Saturday, December 3, 2022

No longer neutral? War in Ukraine tests Finland’s stance on Russia

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Finland has traditionally walked a careful line of neutrality to avoid confrontation with its Russian neighbour. But the war in Ukraine is changing public attitudes, and joining NATO is becoming an increasingly realistic possibility. 

Twenty years ago, joining NATO would have been unthinkable in Finland. But a historic shift in public opinion is now under way, with a survey released on February 28 finding that, for the first time, a majority of the population (53%) was in favour of joining the Atlantic alliance – an increase of 25% since the Russian invasion of Ukraine began.

By March 14, a second poll found support for joining NATO had jumped again – to 62%.

Since Russia’s invasion of Ukraine, heightened security concerns have pushed Finnish politicians to consider dramatic policy shifts away from the country’s traditional neutrality. In an unprecedented move, Prime Minister Sanna Marin announced on February 28 that Finland would supply Ukraine with weapons to fight against Russian forces.

Meanwhile, Finnish President Sauli Niinistö has called for “cool heads” to prevail when it comes to making decisions over NATO membership.

“There is emotion at the heart of public opinion,” said Maurice Carrez, a professor at Sciences Po Strasbourg and a specialist in Finnish history. He added that two of the largest political parties in Finland are pro-NATO, the Social Democratic Party and the National Coalition.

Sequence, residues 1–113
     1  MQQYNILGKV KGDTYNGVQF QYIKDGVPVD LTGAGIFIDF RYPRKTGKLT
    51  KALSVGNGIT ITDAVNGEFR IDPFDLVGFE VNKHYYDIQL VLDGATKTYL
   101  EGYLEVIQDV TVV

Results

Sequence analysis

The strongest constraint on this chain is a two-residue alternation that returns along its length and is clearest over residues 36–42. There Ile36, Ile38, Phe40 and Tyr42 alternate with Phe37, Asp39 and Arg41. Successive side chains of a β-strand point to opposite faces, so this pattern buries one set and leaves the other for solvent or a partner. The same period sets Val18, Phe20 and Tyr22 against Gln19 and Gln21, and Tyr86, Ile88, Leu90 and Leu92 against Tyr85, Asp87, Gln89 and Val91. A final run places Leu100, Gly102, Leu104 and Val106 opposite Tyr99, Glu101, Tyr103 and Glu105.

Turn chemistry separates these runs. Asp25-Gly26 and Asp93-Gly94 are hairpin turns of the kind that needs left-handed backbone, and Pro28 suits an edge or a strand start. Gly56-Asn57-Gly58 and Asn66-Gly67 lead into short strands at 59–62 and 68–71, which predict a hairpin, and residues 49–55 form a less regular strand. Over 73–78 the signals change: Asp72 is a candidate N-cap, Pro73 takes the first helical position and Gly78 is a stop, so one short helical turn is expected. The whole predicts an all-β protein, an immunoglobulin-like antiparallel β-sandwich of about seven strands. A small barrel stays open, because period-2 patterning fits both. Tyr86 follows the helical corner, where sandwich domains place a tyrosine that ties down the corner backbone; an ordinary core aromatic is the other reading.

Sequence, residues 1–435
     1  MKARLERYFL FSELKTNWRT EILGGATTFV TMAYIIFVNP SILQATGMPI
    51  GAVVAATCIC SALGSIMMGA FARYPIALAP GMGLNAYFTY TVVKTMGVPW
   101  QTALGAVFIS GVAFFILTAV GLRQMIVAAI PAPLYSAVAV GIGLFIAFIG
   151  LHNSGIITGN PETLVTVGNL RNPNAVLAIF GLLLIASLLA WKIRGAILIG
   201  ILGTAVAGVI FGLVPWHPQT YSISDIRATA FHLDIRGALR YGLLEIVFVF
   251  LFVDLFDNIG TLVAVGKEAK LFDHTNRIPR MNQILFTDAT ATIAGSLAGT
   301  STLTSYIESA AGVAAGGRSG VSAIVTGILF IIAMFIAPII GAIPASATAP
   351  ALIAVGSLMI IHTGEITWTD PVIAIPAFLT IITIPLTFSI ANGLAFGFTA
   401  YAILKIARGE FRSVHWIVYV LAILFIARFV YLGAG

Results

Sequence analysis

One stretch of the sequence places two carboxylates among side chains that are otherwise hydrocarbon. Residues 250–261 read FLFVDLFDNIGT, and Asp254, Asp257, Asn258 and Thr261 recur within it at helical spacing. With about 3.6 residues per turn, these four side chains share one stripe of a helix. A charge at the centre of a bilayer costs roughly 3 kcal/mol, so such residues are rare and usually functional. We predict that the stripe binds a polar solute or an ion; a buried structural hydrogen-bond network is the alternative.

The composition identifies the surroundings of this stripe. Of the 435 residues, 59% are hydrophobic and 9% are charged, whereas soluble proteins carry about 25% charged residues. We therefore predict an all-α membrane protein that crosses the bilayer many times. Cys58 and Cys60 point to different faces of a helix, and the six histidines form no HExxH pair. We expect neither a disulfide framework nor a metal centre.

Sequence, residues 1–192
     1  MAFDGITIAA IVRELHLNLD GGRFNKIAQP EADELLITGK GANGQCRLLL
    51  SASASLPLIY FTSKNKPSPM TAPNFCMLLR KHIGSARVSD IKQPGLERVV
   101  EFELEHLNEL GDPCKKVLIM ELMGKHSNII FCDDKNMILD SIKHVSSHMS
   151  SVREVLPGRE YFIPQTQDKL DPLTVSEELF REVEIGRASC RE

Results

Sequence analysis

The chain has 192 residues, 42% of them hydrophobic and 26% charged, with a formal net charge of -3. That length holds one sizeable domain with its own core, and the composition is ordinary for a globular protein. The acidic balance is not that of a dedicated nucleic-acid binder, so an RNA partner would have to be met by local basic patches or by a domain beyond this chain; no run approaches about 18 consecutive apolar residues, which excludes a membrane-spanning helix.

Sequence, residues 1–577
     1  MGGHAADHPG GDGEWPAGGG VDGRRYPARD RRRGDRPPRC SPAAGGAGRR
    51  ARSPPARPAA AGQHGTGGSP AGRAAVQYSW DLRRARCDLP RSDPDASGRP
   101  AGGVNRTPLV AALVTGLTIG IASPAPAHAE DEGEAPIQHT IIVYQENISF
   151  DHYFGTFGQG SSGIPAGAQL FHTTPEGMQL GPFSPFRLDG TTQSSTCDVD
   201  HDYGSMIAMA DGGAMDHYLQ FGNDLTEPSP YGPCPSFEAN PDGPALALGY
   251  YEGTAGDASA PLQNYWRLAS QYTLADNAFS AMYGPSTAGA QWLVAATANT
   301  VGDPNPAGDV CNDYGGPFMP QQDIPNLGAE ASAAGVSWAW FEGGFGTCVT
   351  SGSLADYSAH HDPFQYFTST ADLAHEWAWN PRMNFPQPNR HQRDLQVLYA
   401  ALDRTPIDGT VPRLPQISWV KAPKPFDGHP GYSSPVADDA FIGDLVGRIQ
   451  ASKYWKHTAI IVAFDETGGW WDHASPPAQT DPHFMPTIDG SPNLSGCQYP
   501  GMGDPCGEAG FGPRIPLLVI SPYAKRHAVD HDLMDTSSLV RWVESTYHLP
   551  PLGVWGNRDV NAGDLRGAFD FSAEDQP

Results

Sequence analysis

“The Finnish president wanted to remind people that they have to avoid making a rash decision.”

Warnings from RussiaFor Finland’s 5.5 million inhabitants, this means keeping calm in the face of escalating threats from Russia.

“Finland and Sweden are getting frequent warnings from Russia,” Chiara Ruffa, associate professor in war studies at the Swedish Defense University, told FRANCE 24. “In early March, for example, four Russian fighter jets violated Swedish airspace while the Swedish and Finnish armies were carrying out exercises on the island of Gotland [in the Baltic sea].”

“Nobody really believes that an attack is imminent, but it has become very clear that we are going to need to prepare for that eventuality,” she added.

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